By Geena Martinez
MIDLAND COUNTY - The record rainfall last weekend definitely helped replenish the lake levels but what did all of that rain do for local farmers?
Every day, farmer Andy Schumann wakes up and tends to his crops out in Midland County.
He has 350 acres of irrigated cotton and with the record rain, they're thriving even more than before.
"It's great for the farmers, it's great to finish out the irrigated crop that we've had growing," Schumann said. "It puts a smile on your face."
But it's a different story with his 1,300 acres of dry land cotton.
"We had good planting rain but not enough to carry the cotton through the summer months," Schumann said. "Just didn't have enough moisture to grow on."
Schumann said about 80% of his dry land crops wont even be harvested, making it tough to pay the bills.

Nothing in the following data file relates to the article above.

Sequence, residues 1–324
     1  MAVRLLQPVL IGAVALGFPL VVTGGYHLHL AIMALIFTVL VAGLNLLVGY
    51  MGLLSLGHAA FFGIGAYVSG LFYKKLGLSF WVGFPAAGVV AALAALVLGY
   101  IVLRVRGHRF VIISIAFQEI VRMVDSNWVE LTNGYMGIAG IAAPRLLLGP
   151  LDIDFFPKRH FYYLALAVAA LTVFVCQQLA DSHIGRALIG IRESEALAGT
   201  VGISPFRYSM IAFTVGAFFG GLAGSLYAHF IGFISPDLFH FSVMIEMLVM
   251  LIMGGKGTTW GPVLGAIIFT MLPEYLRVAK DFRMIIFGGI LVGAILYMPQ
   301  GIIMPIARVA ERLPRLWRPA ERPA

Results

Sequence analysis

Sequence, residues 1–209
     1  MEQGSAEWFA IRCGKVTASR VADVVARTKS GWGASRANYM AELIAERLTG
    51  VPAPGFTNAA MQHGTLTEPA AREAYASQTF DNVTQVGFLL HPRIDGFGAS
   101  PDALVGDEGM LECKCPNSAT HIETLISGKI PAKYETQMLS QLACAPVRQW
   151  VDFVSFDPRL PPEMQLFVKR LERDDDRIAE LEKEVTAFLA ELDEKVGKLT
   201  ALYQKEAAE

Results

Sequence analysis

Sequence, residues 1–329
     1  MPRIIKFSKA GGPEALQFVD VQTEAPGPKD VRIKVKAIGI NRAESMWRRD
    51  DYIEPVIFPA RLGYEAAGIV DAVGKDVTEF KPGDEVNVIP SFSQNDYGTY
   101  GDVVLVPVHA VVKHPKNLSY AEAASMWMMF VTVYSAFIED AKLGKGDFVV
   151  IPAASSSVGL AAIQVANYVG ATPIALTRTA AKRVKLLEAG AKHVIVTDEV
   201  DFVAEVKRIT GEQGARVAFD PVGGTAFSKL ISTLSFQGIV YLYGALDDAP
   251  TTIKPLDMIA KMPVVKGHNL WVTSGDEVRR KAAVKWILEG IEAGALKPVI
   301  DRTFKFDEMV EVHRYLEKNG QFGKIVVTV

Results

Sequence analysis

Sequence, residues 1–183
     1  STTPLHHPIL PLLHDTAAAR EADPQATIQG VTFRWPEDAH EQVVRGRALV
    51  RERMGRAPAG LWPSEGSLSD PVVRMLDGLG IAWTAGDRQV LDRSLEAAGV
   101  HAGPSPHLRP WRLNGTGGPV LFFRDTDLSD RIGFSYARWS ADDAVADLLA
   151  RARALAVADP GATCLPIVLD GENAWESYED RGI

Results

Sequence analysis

Farmers all over the area are facing the same situation.
"We like rain anytime we can get it but it's always the next years crop, it seems like, on a farmer," Schumann said.
But even though the rain missed this year's crop, there is a silver lining.
"We're building up our underground moisture plus we're replenishing our water wells," Schumann said. "As of the pasture, we run cows. It's excellent to grow enough grass to go through the winter and maybe less feed cost."
For now Schumann and other farmers alike are looking up for rain until it's planting time again.